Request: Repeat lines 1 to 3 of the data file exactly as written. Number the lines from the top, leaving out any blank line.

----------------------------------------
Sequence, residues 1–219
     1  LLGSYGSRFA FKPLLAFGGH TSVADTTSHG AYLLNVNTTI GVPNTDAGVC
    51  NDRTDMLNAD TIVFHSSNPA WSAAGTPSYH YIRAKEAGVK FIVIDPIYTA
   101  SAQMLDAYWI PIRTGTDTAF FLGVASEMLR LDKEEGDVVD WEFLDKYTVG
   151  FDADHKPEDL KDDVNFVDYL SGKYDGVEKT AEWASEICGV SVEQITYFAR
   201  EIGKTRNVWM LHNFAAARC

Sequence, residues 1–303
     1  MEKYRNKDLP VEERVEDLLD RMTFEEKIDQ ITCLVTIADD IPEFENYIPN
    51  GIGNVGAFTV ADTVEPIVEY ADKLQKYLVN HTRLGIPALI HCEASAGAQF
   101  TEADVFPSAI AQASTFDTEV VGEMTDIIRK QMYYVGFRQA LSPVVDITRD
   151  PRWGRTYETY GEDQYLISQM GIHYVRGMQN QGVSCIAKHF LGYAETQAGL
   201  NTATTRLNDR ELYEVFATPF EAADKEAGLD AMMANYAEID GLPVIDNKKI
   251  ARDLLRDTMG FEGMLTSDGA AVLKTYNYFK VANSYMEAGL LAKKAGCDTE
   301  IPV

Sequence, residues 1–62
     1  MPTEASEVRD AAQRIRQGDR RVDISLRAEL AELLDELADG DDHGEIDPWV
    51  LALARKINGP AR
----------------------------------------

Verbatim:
Sequence, residues 1–219
     1  LLGSYGSRFA FKPLLAFGGH TSVADTTSHG AYLLNVNTTI GVPNTDAGVC
    51  NDRTDMLNAD TIVFHSSNPA WSAAGTPSYH YIRAKEAGVK FIVIDPIYTA